Meter of manure confirms 1,500-year-old stable
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Meter of manure confirms 1,500-year-old stable

Archaeologists identify cave structure from thick wall of dung at Avdat national park in the Negev

The stable’s interior. The round stone basins were apparently used for storing food and water for the animals (Israel Antiquities Authority/Courtesy)
The stable’s interior. The round stone basins were apparently used for storing food and water for the animals (Israel Antiquities Authority/Courtesy)

A 1,500-year-old stable believed to have been demolished in an earthquake was unearthed by an archaeological team in the Negev desert and identified by a meter-thick layer of animal manure at the site, the Israel Antiquities Authority said on Thursday.

According to a statement from the IAA, the Byzantine-era stable in the Avdat national park was discovered within a cave, which was split into several rooms. Paintings of crosses were found on the walls of the cave, apparently used by monks.

The team also found stone basins thought to be used to feed the animals in the stable. The researchers were able to confirm the site was a stable due to the large quantities of donkey, sheep, and goat manure in the area.

“The identification as a stable was corroborated by an almost 1 m thick layer of organic matter (donkey, sheep and goat manure) on the floor of the building. It seems that the place was destroyed by an earthquake that decimated the city of Avdat in the early seventh century CE,” the statement said.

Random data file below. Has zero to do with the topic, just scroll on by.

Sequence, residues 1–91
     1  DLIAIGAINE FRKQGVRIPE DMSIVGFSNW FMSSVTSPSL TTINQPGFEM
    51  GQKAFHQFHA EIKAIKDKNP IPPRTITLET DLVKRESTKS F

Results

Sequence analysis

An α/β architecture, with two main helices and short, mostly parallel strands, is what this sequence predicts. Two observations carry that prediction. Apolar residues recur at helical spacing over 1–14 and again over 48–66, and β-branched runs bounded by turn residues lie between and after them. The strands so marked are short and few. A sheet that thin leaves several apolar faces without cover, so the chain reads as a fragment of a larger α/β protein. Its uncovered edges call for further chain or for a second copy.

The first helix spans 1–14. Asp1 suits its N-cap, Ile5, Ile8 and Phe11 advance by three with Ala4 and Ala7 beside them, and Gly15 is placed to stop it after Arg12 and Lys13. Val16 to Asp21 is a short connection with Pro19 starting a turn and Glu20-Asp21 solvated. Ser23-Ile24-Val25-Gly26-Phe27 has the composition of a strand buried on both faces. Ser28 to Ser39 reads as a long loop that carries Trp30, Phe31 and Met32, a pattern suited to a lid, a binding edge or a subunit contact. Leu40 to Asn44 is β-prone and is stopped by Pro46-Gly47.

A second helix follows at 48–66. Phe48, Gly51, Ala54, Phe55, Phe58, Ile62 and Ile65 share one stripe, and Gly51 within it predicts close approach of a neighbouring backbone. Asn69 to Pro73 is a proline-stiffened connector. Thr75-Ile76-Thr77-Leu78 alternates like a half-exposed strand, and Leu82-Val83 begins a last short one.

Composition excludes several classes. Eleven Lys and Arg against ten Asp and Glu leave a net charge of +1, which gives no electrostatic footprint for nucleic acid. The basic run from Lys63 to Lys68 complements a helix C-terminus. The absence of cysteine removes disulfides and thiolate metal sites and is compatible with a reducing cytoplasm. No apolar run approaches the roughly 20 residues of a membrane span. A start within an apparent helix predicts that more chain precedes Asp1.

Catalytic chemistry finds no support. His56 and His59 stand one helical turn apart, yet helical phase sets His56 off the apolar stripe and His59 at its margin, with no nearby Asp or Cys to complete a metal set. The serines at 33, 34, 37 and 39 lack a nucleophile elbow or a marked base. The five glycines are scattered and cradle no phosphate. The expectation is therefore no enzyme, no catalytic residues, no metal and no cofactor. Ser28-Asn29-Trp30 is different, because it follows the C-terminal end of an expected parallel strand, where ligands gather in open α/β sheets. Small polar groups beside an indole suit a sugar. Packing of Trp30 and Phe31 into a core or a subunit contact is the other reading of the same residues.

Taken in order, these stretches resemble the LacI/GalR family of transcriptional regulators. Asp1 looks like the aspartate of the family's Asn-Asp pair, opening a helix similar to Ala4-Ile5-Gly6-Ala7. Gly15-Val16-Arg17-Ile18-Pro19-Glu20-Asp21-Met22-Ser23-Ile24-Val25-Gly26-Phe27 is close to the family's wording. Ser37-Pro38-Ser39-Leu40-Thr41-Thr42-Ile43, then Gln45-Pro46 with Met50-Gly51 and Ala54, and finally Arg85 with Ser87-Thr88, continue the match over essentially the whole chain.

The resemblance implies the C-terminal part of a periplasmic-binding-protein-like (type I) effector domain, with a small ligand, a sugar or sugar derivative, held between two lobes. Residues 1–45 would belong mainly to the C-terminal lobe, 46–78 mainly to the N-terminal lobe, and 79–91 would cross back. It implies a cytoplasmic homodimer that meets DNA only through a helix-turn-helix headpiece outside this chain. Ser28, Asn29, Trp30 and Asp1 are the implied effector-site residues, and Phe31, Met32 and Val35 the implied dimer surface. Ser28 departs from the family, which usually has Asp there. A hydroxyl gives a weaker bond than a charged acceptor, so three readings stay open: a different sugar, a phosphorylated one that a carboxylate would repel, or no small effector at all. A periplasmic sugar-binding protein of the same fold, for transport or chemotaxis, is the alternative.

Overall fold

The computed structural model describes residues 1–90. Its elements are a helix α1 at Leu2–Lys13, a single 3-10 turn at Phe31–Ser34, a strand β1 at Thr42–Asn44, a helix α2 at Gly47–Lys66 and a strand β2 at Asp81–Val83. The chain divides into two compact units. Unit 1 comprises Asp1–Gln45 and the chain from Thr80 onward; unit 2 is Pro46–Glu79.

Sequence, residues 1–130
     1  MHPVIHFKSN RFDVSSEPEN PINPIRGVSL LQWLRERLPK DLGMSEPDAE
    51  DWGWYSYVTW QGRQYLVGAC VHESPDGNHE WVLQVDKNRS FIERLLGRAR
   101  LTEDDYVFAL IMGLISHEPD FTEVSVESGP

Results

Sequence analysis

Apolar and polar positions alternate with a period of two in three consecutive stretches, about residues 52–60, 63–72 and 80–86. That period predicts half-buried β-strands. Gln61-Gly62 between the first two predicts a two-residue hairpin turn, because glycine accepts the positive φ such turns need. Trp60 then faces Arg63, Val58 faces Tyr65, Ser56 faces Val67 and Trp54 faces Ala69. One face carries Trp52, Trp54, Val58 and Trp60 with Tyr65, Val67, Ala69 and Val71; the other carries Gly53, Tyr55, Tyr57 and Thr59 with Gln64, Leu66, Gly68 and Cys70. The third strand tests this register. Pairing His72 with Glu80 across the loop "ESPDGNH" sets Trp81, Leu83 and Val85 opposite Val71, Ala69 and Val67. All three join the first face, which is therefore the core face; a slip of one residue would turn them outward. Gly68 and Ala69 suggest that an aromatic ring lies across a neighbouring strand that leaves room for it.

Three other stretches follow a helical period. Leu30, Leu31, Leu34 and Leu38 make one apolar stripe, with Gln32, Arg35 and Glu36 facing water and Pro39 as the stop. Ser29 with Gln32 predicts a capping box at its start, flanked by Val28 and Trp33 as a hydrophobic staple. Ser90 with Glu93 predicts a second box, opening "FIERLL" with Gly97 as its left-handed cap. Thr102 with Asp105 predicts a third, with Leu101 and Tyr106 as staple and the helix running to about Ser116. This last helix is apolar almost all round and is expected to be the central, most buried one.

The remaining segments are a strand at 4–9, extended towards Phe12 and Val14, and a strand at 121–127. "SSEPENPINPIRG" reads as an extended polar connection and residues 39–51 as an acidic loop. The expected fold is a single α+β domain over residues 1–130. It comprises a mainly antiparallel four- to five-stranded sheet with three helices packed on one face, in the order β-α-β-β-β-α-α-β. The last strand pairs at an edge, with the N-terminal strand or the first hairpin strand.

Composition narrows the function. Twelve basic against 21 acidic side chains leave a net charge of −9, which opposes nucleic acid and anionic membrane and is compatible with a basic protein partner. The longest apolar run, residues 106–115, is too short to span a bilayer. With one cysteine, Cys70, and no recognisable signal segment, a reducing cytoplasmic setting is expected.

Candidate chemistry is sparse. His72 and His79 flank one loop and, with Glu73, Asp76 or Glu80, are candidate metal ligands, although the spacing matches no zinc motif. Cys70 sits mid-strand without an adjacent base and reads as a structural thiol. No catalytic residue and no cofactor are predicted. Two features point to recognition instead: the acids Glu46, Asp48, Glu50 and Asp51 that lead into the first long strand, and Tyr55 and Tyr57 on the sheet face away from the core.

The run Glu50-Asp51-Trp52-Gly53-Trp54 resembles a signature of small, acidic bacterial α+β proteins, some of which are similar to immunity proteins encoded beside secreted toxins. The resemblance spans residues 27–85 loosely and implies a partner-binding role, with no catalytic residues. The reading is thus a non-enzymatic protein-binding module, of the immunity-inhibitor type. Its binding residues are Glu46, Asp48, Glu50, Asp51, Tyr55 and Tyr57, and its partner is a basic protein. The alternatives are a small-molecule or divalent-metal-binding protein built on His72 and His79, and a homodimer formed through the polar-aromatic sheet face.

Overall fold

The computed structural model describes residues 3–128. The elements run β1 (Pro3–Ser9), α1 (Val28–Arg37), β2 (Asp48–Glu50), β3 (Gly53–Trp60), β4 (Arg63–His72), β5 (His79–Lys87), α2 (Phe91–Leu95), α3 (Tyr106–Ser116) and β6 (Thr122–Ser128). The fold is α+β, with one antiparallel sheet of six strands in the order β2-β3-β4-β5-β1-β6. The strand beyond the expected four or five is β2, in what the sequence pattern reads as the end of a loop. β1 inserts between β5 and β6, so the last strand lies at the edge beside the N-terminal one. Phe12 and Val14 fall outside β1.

A 1,500-year-old stable is unearthed in the Avdat national park (Israel Antiquities Authority/Courtesy)
A 1,500-year-old stable is unearthed in the Avdat national park (Israel Antiquities Authority/Courtesy)

The excavation was led by Professor Scott Bucking of DePaul University and Dr. Tali Erickson-Gini of the Israel Antiquities Authority.

Students from the Har Hanegev Field School sifted through the materials and found grape seeds, which are expected to shed light on the eating habits and agriculture of the locals.

Students of the Har Ha-Negev Field School at work and sifting organic matter at the Avdat national park (Israel Antiquities Authority/Courtesy)
Students of the Har Ha-Negev Field School at work and sifting organic matter at the Avdat national park (Israel Antiquities Authority/Courtesy)

“The researchers hope that the grape seeds they found, which were well-preserved because of the dry conditions that prevail in the region, will allow them to extract the DNA of the ancient plant and identify the different species that were grown in the area,” the statement said.

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